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External report on policing practices in Arlington released

(Updated at 5:40 p.m.) Arlington County police created a new foot pursuit policy, updated how officers use force and pursue vehicles, and began making more data and information accessible to the public.

Those are a few of the changes at the police department in response to an external report on Arlington’s policing practices publicly released on Wednesday. Some policy updates are still being finalized.

Following a study by the Police Practices Group, a work group that reviewed the police department’s policies and made more than 100 recommendations for changes, an external law enforcement and public safety consulting firm reviewed several areas of the department and made additional recommendations.

The firm, Hillard Heintze, recommended the department create a recruitment policy, better utilize data it collects, and offer training designed for those seeking promotion or special assignments, among other recommendations. They evaluated practices and policies across internal affairs, use of force, cameras, recruitment and retention, training and supervision and data/statistics.

The department has compiled responses to the findings and recommendations, creating a number of new policies, revising others and making information they already have or collect, such as internal disciplinary actions, more readily available.

County Manager Mark Schwartz said ACPD devoted hundreds of hours to providing the firm with what they needed for the study.

“As the report noted, ACPD sets a high standard for behavior and accountability for itself, which is demonstrated by how officers interact with the community,” he wrote in a letter to the community about the report. “In addition, there were suggestions for improved policies and practices which ACPD immediately embraced once identified by HH and the PPG.”

The external review took place while some changes identified were already underway to address the recommendations from the Police Practices Group, which provided its final report early in 2021. The PPG’s report guided appropriations included in the County Board’s 2022 budget, and guided the ordinance that created a Community Oversight Board.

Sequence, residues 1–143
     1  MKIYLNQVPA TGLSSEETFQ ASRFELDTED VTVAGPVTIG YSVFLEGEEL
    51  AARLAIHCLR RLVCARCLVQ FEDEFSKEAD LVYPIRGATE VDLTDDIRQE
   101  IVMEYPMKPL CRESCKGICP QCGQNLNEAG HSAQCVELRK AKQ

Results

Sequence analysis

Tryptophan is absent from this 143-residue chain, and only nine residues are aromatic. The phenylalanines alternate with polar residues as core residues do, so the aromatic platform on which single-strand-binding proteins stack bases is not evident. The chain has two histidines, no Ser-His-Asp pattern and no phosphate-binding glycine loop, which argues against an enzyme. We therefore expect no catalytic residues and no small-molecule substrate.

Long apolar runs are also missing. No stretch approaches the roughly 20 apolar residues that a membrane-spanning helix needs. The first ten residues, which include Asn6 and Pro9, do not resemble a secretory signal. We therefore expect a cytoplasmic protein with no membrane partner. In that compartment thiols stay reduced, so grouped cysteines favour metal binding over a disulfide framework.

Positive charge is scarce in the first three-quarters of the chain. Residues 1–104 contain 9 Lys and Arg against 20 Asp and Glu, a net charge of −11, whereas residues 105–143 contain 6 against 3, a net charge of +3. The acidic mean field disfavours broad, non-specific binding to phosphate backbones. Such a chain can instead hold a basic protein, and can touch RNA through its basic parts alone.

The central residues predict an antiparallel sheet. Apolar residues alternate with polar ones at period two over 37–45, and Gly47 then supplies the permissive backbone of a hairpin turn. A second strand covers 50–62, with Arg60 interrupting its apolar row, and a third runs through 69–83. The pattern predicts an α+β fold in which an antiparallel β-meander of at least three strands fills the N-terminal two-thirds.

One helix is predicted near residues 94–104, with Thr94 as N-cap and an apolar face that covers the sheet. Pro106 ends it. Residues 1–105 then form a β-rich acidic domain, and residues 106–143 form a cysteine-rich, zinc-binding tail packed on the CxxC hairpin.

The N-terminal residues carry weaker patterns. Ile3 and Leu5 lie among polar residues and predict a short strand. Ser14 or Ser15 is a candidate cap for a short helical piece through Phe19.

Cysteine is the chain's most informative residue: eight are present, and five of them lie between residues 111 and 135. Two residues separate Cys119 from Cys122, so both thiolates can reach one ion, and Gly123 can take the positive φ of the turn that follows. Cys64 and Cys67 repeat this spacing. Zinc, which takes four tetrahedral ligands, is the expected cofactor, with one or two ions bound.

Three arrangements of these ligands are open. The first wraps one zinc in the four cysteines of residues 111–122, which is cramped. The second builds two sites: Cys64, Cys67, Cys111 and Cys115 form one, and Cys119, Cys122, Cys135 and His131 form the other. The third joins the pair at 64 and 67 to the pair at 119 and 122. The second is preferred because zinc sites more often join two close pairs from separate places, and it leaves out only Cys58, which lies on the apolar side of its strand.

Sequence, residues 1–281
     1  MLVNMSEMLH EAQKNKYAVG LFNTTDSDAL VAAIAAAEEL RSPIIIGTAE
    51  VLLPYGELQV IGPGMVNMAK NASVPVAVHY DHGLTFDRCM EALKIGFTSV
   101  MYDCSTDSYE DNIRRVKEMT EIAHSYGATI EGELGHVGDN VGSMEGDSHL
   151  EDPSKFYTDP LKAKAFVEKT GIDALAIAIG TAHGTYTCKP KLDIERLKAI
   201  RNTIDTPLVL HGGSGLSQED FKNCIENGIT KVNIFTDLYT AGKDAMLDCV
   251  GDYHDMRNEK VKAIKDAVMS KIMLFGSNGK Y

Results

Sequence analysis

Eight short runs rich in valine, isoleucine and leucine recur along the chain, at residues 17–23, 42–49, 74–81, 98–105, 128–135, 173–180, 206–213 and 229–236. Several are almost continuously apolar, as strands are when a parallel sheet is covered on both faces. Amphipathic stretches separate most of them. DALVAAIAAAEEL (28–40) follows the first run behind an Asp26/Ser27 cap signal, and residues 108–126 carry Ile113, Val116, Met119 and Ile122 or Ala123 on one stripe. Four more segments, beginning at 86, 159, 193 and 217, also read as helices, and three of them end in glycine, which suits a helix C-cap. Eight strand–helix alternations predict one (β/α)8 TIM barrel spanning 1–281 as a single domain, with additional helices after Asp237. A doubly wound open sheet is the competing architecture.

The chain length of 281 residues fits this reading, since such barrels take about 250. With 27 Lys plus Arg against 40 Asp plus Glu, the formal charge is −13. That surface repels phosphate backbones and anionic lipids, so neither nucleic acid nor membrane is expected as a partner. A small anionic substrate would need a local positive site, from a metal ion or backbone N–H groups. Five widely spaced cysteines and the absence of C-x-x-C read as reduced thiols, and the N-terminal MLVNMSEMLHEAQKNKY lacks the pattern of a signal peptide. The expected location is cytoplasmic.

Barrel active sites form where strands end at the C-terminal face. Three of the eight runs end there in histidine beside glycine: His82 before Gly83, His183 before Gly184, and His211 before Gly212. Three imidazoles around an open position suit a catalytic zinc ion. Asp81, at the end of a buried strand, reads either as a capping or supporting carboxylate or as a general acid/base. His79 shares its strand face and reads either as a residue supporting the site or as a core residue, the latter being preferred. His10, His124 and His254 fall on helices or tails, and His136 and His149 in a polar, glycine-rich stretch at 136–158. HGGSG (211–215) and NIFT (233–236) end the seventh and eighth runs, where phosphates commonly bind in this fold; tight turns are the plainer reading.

The PPG also influenced ACPD to revise its use-of-force policies to ensure they lined up with best practices and community expectations, according to the report. The policy was updated to include “prohibiting the use of neck restraints unless immediately necessary, clarifying officer’s responsibility to intervene to prevent or stop the use of excessive force, rendering first aid when necessary, highlighting the sanctity of life, increasing focus on de-escalation and other updates.”

Since these updates were already underway, the external firm had no specific recommendations relating to the new use of force policy but did say the department should “closely scrutinize use-of-force incidents, audit use-of-force training to ensure policy is operationalized on the street and ensure it has incorporated the new requirements into training.”

“I truly believe ACPD is an exceptional police department, but recognize there is always room for improvement,” Arlington Police Chief Andy Penn said in a statement to ARLnow. “Many of the recommendations outlined in the external assessment help move us forward in our mission to reduce incidences of crime and improve quality of life and have already been acted on by ACPD.”

“Highlights include the implementation of a Body Worn Camera program, compliance with the Virginia Community Policing Act Data Collection, participation in the Northern Virginia Critical Incident Response Team, expansion of our officer training curriculum, revision of policies and procedures, establishment of a Community Engagement Division and engagement with the community on the future of policing in Arlington during this summer’s Community Conversations with the Chief series,” Penn continued. “Looking forward, we are committed to continuing these advancements while working collaboratively with the Arlington community.”

Schwartz, in concluding his letter, thanked the police department for its work and willingness to make changes.

“We are a community where respect for our diversity has made us stronger and the assurance that each of us will be treated fairly by officers who day in, and day out, work at prevention, engaging with our community, and assisting our neighbors is vital,” the County Manager wrote. “The commitment to our values, which we saw most prominently a year ago this month in defending the west steps of the Capitol from violent insurrectionists, and the maintenance of trust is hard work.”

“I wanted to thank ACPD and its officer for their continued commitment to make Arlington a community where all people can live safely and be treated fairly,” Schwartz added.

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